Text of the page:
“Being able to sit behind a veteran is a good situation to be in because obviously the transition to the NFL, the speed of the game and the complexity of defenses and all that is to a whole new level,” he said. “So being able to get a couple of years maybe to get acclimated and really learn and improve your game and be up to standard before you get some time I think that is a good situation.”
Lauletta passed for more than 3,000 yards in each of his three seasons as a starter at Richmond, finishing with 73 touchdown passes to 35 interceptions. He had a career completion percentage of 63.5.
Inside The Pylon says:
Lauletta is an experienced QB from the FCS with starter potential, who has impressive accuracy in the short and intermediate areas, but lacks top level arm talent, downfield velocity and has a tendency to stare down his targets.
Dane Brugler of NFL Draft Scout says:
He won’t wow with his physical tools, but his tape shows an efficient passer who is quick to scan and understands timing and placement. Overall, Lauletta has only average size and arm strength, but he is accurate, tough and intelligent with the mature make-up to handle quarterback responsibilities in the NFL.
Lauletta had a unique experience at Richmond, playing for four different offensive coordinators and in three distinct offensive systems — including two years in a pro-style offense — during his time at Richmond. A difficult circumstance, but one he thinks will help him transition to the NFL.
“When I was going through all of it it almost felt like each year like, man, why is this happening to me, and I was questioning a lot of things. But, exactly like you said, I’ve been exposed to so many different concepts,” Lauletta said.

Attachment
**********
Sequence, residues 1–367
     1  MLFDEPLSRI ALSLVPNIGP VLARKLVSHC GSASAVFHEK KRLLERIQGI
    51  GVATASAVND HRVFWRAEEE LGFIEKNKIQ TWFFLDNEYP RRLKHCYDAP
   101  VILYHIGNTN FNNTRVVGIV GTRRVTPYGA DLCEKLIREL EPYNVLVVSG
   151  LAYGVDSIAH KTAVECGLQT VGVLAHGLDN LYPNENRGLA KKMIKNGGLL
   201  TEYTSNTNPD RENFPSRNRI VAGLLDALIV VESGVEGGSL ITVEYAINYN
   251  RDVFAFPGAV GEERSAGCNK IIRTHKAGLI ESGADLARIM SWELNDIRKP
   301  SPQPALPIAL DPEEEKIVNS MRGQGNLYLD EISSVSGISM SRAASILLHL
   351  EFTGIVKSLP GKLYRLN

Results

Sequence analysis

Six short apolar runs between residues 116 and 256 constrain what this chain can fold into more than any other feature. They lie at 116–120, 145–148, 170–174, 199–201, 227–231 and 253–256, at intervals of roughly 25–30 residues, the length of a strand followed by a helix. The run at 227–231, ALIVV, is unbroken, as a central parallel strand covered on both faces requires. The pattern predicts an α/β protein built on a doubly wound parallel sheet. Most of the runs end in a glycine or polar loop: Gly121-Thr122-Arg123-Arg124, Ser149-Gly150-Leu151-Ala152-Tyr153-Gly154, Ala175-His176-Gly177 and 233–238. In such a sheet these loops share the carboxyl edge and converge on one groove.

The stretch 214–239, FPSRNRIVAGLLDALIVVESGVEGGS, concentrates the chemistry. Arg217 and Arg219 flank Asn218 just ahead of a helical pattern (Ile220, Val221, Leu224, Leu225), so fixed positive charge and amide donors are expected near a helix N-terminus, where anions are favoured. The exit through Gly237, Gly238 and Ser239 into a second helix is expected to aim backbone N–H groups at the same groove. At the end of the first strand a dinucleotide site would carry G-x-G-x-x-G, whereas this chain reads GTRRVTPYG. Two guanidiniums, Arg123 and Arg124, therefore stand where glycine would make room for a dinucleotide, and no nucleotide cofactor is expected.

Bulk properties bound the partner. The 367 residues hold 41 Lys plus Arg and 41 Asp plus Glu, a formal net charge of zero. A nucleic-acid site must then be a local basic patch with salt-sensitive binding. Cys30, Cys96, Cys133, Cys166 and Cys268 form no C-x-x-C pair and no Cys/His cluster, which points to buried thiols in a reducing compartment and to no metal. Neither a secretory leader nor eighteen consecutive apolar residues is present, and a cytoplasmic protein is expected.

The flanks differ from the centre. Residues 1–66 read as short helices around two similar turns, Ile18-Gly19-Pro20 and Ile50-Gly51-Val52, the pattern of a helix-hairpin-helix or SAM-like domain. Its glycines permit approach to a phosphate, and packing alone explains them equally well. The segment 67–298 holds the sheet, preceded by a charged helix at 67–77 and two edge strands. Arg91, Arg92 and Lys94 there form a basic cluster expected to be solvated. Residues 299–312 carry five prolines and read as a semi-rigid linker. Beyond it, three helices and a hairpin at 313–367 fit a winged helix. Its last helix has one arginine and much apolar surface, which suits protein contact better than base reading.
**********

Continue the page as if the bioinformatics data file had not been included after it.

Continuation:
“A big part of my game is taking notes. It’s very interesting to see the different notes and the different plays and those coaching points and those things that I’ve learned in each different offense and by each different coordinator. Those things still stick with me today and it’s been a blessing in disguise.”
Lauletta has drawn some comparisons to Jimmy Garoppolo, former FCS quarterback at East Illinois, second-round pick by the New England Patriots and now the starter for the San Francisco 49ers. It’s a comparison Lauletta embraces, saying Garoppolo “has a lot of great characteristics that I try to emulate.”
Lauletta was in the Leadership Studies program at Richmond, which he said was a “very unique experience. A lot of those skills translate to the football field.”
I asked Lauletta to pinpoint what he thought were the most important characteristics for an NFL quarterback.
“Accuracy, anticipation, football IQ, the ability to process and the ability to lead the team,” he said.
Does he possess those characteristics?
“If you think about the quarterback position and what the quarterback needs to do on each play he gets the ball and has to make split [second] decisions, he’s trying to throw the ball into windows with defensive players all around him and the speed of the game is quicker, but you need a quarterback who can kind of slow the game down. One, with his thinking. Your mind is going a hundred miles an hour, but the quarterbacks who are the best are the guys who can really slow it down and make those split decisions and ultimately take care of the football,” Lauletta said.
“I think I’ve demonstrated the ability to adapt and learn a new system and have success in it. I think I’ve improved as a passer each year and I’ve improved my game. That’s something I really, truly believe that I’ll continue to do at the next level. I think I have a very high ceiling.”
Will he get a chance to reach that ceiling with the Giants? We will find out in just about two weeks.